Demographic and clinical characteristics for the study cohort are shown in Table 1. The median age at the event was 67 years (range 45–87 years) and 63.2% patients were male. The most prevalent type of ACS in this group was the non-ST segment elevation myocardial infarction (63.8%). Among the patients included in our cohort 32.5% had previous history of myocardial infarction, and nearly 30% had at least one cardiovascular comorbidity (eg, dyslipidemia, diabetes mellitus, and obesity). The cohort for this study was derived from a previous study described by Angulo et al.29 The control group consisted of 17,711 Latino/Admixed general population obtained from the gnomAD database; 7371 individuals were reported as female and 10,340 as male.

Table 1 Demographic and Clinical Characteristics of the Cohort

PON1 Q192R Genotypic and Allelic Frequencies

A 631 base pairs fragment, containing the PON1 c.575 A>G polymorphism, was amplified and sequenced in the case-cohort. Genotypes were determined by interpretation of chromatogram peaks using the FinchTV v1.5 and assigned as homozygous for the wild-type allele AA, heterozygous AG, and homozygous for the polymorphic allele GG (Figure 1). Genotype and allele frequencies for the case and controls are shown in Table 2. AA wild-type genotype was found in 38.0% of patients, while AG heterozygous and GG homozygous individuals were 44.2% and 17.8%, respectively. The genotypic distribution for the PON1 gene polymorphism assessed in the case–cohort was in HWE. The minor allele frequency (MAF) for the R192 allele was 0.40 (R allele) compared with 0.49 in the control group (P < 0.05).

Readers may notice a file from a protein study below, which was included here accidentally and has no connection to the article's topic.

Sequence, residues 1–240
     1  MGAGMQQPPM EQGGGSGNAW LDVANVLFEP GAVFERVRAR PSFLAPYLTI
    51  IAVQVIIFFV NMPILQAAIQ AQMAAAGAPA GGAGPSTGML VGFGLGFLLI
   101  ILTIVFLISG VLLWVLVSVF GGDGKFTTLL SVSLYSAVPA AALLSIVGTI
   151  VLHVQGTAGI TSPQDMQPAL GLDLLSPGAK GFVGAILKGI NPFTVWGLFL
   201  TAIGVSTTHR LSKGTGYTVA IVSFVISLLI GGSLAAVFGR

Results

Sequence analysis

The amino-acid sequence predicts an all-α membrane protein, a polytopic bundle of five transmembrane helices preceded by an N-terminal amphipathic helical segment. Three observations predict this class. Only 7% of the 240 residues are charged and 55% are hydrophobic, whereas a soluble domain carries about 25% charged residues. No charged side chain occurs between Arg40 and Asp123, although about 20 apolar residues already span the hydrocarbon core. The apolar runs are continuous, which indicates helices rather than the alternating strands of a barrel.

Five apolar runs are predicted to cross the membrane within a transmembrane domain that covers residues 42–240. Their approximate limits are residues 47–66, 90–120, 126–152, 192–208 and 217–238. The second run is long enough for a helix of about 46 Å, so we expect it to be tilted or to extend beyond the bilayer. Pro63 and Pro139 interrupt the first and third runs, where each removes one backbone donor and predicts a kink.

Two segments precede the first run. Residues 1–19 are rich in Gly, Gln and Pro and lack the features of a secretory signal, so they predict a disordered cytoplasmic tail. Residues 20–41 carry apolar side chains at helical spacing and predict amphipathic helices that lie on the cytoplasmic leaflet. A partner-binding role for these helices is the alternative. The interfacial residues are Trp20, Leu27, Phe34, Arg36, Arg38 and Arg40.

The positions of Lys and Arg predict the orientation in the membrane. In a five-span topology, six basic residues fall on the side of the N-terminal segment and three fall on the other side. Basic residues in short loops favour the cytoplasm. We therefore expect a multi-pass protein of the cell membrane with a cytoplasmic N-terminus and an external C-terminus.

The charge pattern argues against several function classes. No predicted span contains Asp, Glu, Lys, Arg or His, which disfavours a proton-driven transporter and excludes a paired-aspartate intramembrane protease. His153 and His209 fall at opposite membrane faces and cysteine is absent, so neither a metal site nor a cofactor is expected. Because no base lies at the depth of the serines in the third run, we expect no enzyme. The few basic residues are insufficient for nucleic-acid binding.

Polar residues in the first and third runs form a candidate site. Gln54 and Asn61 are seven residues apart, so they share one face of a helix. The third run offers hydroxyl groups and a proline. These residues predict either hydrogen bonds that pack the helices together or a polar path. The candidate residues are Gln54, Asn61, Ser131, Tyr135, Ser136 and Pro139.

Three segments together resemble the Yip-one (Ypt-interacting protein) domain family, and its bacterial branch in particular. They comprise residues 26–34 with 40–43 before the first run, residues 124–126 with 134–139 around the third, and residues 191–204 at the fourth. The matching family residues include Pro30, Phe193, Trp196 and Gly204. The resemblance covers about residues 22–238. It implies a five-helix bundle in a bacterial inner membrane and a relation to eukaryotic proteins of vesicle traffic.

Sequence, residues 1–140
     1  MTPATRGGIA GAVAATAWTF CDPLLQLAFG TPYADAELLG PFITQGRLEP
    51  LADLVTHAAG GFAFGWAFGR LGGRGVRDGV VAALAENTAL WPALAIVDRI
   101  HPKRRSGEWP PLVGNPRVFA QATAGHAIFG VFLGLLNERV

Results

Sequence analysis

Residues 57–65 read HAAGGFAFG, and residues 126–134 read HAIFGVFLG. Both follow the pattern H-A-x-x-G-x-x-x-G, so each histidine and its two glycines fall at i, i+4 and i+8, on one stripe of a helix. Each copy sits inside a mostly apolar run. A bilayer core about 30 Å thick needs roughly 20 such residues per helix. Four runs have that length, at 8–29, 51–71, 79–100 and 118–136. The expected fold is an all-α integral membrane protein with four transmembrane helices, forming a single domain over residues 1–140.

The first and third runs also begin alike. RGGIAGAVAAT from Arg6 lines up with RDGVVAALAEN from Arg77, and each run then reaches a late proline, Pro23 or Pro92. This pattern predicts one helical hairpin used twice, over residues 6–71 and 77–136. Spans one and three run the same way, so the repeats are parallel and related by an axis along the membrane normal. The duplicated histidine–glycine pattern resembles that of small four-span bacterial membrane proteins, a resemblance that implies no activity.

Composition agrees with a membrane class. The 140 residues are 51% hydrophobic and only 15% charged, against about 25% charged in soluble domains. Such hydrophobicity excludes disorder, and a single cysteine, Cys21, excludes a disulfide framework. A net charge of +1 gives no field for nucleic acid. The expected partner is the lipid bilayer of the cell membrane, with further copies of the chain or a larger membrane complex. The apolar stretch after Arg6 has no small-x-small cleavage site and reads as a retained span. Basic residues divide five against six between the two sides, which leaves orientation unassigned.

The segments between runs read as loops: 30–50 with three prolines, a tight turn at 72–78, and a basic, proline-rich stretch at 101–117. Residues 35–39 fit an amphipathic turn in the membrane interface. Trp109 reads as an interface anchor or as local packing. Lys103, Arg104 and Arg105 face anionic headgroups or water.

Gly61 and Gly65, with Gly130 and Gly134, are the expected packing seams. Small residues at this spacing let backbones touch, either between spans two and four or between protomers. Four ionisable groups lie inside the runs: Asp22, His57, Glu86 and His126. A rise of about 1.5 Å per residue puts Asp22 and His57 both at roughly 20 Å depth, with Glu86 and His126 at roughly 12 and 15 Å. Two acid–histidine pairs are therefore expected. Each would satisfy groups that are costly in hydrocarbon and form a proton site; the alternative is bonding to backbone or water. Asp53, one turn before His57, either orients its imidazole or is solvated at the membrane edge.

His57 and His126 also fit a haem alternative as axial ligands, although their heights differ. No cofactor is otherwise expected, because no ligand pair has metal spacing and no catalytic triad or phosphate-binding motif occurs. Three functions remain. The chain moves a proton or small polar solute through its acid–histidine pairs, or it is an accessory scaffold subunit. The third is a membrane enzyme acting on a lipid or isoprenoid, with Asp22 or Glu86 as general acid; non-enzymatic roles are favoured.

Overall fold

Table 2 Allelic and Genotypic Frequencies of PON1 Q192R in Case and Control Groups